The Godfather-

    Michael: I’m working for my father now. He’s been sick, very sick.
    Kay: But you’re not like him, Michael. I thought you weren’t going to become a man like your father. That’s what you told me.
    Michael: My father’s no different than any other powerful man – any man who’s responsible for other people, like a senator or a president.
    Kay: [laughs] You know how naïve you sound?
    Michael: Why?
    Kay: Senators and presidents don’t have men killed.
    Michael: Oh, who’s being naïve, Kay?

    The Government–

    Obama: I’m working for the corporate overlords now.
    Progressives: But you’re not like them, Michael. I thought you weren’t going to become a man like GW. That’s what you told me.
    Obama: GW’s no different than any other powerful man – any man who’s responsible for other people, any senator or president.
    Progressive: [laughs] You know how naïve you sound?
    Obama: Why?
    Progressive: Senators and presidents don’t have men killed.
    Obama: Oh, who’s being naïve?

    We need “The Untouchables”

  19. Ian Welsh

    Ah, the living definition of denial shows up.

    Obama is so busy passing a stimulus that is crap, and a health care plan which will force people to buy insurance, the cost of which will rise faster than their wages, that he can’t deal with anything else, got it! So glad he’s getting some really progressive stuff passed in exchange for saying “to hell with civil rights.”

    Every other president in post war history has been able to appoint a larger percentage of people to key posts:Obama does not get a pass, especially on the DA’s. That’s not hard to do, you just have your candidates ready day one. It would take phenomenal incompetence not to have that ready if you wanted it done (hint: the president doesn’t do this himself, he has his transition team do it for him). I’m slightly hooked into that scene, and I’m told tons of qualified people were blown off. Obama didn’t do fail to do it because he was too busy, he failed to do it because he didn’t want to do it.

    The pattern n this administration has been that the House passes the most liberal one, the Senate passes the least liberal one, and Obama backs the Senate (see the Stimulus for a version of this). The same thing is going to happen on the health bill. I will be thrilled if I’m wrong, but I’m not expecting to be able to add crow to my diet on this one (and in any case, even the House bill is crap, and it was Obama’s decision to rule out single payer, even as a bargaining position, which was a huge strategic error even if he didn’t want it.)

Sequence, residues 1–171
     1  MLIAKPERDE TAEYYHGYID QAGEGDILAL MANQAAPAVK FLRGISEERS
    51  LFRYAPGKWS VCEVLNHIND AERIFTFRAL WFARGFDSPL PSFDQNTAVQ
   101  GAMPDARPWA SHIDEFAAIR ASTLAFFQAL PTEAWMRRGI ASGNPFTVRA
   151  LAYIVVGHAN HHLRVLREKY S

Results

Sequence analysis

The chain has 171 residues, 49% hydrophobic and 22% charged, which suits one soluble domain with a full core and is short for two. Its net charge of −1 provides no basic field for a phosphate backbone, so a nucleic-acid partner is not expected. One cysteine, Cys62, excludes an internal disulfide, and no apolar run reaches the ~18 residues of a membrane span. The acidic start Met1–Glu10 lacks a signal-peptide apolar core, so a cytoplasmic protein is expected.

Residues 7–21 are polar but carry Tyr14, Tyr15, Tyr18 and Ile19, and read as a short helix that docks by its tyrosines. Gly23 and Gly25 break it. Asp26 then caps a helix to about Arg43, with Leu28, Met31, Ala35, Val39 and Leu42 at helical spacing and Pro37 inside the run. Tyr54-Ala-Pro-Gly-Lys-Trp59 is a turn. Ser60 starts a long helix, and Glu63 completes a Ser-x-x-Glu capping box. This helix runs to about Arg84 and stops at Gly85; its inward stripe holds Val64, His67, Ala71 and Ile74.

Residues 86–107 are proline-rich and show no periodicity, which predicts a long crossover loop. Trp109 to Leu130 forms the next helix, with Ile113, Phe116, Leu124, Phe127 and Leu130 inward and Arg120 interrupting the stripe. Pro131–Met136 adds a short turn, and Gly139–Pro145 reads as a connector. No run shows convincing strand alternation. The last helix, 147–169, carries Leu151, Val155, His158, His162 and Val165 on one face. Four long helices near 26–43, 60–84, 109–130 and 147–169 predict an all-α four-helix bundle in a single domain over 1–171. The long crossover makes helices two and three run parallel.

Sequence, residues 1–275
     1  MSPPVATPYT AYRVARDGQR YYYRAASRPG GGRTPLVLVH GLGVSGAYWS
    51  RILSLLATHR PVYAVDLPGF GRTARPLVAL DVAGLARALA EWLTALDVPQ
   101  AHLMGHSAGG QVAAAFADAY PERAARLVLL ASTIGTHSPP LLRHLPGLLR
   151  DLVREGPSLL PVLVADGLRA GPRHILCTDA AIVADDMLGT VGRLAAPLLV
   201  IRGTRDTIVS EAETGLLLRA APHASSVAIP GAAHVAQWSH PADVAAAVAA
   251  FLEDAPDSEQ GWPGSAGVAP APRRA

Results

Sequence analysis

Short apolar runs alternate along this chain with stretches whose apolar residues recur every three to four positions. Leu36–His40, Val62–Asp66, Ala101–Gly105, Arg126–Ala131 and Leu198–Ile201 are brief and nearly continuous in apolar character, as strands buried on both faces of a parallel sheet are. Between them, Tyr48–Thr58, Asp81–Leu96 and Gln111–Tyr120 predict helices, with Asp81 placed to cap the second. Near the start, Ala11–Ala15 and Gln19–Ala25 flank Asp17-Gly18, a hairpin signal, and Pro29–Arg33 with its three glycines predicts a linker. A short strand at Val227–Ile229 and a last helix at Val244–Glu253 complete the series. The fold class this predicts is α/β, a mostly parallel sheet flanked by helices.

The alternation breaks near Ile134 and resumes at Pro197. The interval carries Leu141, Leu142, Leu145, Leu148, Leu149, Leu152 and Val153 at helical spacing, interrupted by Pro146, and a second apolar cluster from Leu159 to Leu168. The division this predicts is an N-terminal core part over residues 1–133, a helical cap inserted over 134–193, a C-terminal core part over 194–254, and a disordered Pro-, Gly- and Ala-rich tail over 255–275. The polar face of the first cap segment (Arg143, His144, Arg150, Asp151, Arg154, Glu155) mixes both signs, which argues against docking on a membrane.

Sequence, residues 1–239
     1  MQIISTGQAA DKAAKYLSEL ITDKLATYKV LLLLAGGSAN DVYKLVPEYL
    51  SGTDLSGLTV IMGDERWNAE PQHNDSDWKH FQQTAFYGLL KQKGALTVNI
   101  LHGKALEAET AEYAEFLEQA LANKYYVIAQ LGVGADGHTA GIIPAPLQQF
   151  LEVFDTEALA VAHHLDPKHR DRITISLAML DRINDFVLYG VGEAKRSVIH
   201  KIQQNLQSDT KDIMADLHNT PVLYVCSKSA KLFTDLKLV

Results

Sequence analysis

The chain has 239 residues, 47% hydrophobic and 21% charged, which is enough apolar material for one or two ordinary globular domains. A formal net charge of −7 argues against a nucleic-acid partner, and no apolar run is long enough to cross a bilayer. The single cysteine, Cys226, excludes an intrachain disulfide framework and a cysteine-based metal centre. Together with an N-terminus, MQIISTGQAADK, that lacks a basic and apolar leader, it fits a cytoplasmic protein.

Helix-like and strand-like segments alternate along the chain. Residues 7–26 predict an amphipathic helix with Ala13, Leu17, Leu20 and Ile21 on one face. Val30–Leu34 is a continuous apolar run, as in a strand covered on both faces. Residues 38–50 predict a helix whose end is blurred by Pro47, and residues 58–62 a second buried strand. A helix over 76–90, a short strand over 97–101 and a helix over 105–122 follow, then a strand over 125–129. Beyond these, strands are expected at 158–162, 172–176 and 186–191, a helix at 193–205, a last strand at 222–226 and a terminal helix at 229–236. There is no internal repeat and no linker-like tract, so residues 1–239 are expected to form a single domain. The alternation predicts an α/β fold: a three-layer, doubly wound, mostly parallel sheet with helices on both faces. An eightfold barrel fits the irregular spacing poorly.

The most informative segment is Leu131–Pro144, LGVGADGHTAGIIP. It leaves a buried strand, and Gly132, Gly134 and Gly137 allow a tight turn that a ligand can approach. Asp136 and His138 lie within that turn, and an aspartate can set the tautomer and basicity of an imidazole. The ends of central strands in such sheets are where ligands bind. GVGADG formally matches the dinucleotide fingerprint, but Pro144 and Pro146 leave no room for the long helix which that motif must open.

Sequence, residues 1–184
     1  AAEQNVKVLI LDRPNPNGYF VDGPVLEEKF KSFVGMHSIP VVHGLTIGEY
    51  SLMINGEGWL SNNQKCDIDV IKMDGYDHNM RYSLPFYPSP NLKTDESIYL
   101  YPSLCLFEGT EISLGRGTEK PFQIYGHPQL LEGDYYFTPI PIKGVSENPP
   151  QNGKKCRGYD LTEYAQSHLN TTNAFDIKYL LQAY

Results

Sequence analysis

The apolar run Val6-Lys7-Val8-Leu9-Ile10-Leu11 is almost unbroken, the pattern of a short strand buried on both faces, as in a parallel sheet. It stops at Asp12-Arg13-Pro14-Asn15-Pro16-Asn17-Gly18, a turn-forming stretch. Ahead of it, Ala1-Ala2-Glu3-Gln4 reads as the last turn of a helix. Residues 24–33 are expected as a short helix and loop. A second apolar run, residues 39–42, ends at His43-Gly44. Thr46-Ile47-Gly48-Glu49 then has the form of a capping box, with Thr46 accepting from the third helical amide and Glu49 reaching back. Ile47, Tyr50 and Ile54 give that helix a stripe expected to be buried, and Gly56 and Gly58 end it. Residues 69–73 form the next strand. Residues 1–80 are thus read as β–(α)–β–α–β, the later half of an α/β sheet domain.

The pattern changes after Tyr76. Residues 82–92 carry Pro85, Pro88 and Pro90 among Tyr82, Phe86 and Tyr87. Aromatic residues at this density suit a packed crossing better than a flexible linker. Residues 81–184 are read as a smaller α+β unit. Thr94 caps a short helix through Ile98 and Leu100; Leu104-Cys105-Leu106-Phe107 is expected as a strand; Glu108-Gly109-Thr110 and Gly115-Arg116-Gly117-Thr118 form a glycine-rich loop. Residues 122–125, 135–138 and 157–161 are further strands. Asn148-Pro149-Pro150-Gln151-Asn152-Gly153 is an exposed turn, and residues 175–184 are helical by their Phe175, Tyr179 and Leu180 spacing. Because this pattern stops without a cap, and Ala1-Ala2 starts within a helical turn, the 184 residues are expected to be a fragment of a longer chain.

The too busy argument is pathetic. That’s why you hire people and give them their head. If Obama can’t hire competent people he can trust, then the competence problem is his. Both leadership and management requirement knowing how to hire and delegate.

    For what it’s worth, I hear that he is now having trouble recruiting people, and the reasons he is trouble having people are:

    a) micromanagement. He and his key people in the WH (of whom there are about half a dozen, no more) micro-manage appointees. People don’t come to DC to be micromanaged.
    b) he’s not loyal to people other than his core circle. See Jones, Van – but it was evident before that.
    c) he doesn’t allow people to shine – this is partially due to micromanagement, but it’s mostly that the Obama administration doesn’t seem to want any stars other than the few people immediately attached to Obama.
    d) he wants very highly credentialed people, in general who have done a very similar job before, unlike Clinton he is not bringing in a new group of people.
    e) in general he prefers conservative dems to progressive dems, and is reluctant to hire progs for most policy positions. That cuts a huge chunk of Dems out of the running day one.

    The combination of these factors mean people are reluctant to work for him. However, this does not excuse him both because this was not the case early in the year (when people I know were clamoring to get into the admin) and because, after all, these are his leadership choices, so he is responsible for them.

    Finally, things like Bagram are almost completely at the President’s discretion. He could also choose not to argue against, oh, habeas corpus. That’s at his discretion (Holder isn’t going to say no to him on this.) Likewise, he simply does not have to support the Patriot Act. He does not have to surge in Afghanistan, and so on. These things are his choice, and reflect his beliefs and priorities.

    Denial’s not a river in Egypt.

  20. masslib

    The House bill is not “liberal”. If HR 3200 becomes the law of the land, it too will fail. The Democrats have not offered any change to the system, rather they have offered an expansion of the system, with a PO, which I liken to leper insurance, individual mandates for the purchase of private insurance, expensive new Exchanges(they already have an Exchange federal employees use, they could have just opened that up), a nice Medicaid expansion, and subsidies(read welfare to private insurers). This will not change the health finance system. It essentially throws money at the current health finance system. If this is a “liberal” policy, then we need to redefine the word liberal.

  21. someofparts